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Report this Post05-14-2020 02:43 PM Click Here to See the Profile for theogreClick Here to visit theogre's HomePageSend a Private Message to theogreEdit/Delete MessageReply w/QuoteDirect Link to This Post
At lest is less complicated then Cavalier and other electronic dashes so less things to fix.

For this job and related use thin flux core lead/tin solder and 25w (or less) iron. You want to heat fast but not "melt" the glue holding copper to board or cook other parts.
Thin like under 24awg size wire like I have 0.032in. You use more but melts faster then most solder sold at normal retail stores.

Even then May work for now.... but keep a easy way to undo the mod if used in Fiero etc.
Because?
Many car electric parts die from old capacitors and other small items in/on a device on top of crap solder joints.
Electrolytic caps isn't only cap type that have problems from old age even ignoring China "poison" cap problems ate thru the can etc.

Like you can fix "Gen 2" Blue Dingy Thingy by re-flowing a joint or three like shown in cave page Chime Unit but all versions can die from bad caps etc too.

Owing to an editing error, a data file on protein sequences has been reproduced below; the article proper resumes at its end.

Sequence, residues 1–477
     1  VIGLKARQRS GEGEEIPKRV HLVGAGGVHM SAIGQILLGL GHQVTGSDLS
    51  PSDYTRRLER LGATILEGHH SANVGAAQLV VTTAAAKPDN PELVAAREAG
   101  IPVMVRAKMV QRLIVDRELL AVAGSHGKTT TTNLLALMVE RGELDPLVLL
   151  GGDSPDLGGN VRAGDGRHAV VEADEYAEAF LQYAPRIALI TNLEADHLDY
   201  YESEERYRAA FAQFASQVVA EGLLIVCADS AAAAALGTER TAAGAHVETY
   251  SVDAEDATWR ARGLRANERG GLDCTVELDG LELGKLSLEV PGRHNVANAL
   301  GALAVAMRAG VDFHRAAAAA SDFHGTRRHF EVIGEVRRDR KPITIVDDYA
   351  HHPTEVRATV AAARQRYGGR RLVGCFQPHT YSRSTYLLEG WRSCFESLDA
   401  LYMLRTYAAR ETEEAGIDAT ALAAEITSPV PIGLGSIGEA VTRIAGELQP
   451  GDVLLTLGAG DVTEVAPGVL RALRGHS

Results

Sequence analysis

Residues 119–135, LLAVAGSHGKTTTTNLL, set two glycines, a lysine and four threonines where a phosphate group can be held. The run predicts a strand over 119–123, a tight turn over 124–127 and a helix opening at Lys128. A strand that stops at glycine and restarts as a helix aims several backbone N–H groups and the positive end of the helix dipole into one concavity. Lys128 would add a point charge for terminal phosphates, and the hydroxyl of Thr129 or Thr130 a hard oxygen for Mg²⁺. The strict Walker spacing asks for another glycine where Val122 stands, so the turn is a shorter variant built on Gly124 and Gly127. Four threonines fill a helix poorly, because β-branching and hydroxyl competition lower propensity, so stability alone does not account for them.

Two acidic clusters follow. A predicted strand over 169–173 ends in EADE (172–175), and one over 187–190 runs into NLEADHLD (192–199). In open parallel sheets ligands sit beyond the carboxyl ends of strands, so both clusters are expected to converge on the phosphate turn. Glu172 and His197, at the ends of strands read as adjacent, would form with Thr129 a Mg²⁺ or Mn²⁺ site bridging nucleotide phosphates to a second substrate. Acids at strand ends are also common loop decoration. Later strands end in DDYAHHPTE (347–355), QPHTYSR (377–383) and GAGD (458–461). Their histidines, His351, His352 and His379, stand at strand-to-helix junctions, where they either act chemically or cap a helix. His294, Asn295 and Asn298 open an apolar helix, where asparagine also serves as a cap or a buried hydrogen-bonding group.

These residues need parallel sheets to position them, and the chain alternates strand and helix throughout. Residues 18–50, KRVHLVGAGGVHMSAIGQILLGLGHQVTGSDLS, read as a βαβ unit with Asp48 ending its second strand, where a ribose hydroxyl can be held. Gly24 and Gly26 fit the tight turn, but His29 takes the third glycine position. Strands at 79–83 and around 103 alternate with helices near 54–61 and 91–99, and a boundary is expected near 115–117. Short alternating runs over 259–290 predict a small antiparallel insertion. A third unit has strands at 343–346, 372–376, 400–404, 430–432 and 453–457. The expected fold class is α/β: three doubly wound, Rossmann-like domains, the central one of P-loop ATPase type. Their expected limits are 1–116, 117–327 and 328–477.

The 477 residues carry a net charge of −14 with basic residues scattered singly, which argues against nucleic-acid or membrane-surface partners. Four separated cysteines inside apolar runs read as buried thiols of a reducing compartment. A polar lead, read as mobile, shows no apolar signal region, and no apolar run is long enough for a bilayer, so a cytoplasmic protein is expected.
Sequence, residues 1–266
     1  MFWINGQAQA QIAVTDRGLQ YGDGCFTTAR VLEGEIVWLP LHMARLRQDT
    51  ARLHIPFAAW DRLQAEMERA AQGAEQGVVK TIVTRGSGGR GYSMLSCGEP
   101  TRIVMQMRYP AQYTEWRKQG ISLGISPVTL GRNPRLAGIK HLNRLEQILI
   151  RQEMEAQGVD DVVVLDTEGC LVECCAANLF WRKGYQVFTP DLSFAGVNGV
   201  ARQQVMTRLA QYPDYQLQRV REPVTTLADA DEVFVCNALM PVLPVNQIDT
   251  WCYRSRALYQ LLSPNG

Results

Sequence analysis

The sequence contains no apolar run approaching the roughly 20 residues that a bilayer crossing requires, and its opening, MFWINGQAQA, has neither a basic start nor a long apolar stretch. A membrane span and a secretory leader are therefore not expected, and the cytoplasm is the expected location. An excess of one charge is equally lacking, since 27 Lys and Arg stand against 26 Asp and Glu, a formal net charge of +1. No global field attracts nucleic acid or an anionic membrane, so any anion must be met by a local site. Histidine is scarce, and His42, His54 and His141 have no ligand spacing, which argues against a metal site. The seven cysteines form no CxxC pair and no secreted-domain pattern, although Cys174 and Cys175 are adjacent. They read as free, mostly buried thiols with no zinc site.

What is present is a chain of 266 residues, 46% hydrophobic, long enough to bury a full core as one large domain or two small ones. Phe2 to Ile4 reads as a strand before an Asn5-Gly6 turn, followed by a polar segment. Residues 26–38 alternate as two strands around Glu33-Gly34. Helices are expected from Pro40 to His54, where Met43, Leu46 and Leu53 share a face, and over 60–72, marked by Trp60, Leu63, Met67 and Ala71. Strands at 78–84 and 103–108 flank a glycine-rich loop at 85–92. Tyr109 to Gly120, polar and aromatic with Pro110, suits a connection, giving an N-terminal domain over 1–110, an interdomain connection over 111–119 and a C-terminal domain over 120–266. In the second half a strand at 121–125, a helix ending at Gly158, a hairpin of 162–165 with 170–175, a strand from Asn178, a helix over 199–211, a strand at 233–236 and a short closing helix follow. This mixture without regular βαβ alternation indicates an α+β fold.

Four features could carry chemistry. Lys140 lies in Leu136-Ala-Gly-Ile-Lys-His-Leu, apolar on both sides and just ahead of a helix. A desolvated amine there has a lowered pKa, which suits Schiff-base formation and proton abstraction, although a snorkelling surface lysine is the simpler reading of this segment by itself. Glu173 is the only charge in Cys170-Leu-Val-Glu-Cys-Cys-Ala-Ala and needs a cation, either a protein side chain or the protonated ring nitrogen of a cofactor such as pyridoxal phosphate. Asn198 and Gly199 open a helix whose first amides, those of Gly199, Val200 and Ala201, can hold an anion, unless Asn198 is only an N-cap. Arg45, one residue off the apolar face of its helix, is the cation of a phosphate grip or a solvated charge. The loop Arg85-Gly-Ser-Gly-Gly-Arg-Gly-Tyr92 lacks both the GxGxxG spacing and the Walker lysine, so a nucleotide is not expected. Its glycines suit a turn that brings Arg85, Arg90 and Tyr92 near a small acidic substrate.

Is part of why many stop selling "radios" using the same Fiero plug.
To make them reliable to give even a small warranty need a lot of work to "Re cap" them etc and see little point or profit doing that.

A big reason is a Car Cabin can easily reach 160 to 200+ °F parked outside even on cool days to bake them.
Example see http://www.fiero.nl/forum/Forum2/HTML/141784.html near bottom.

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Boondawg
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Report this Post05-14-2020 03:11 PM Click Here to See the Profile for BoondawgClick Here to Email BoondawgSend a Private Message to BoondawgEdit/Delete MessageReply w/QuoteDirect Link to This Post
 
quote
Originally posted by theogre:

At lest is less complicated then Cavalier and other electronic dashes so less things to fix.

For this job and related use thin flux core lead/tin solder and 25w (or less) iron. You want to heat fast but not "melt" the glue holding copper to board or cook other parts.
Thin like under 24awg size wire like I have 0.032in. You use more but melts faster then most solder sold at normal retail stores.

Even then May work for now.... but keep a easy way to undo the mod if used in Fiero etc.
Because?
Many car electric parts die from old capacitors and other small items in/on a device on top of crap solder joints.
Electrolytic caps isn't only cap type that have problems from old age even ignoring China "poison" cap problems ate thru the can etc.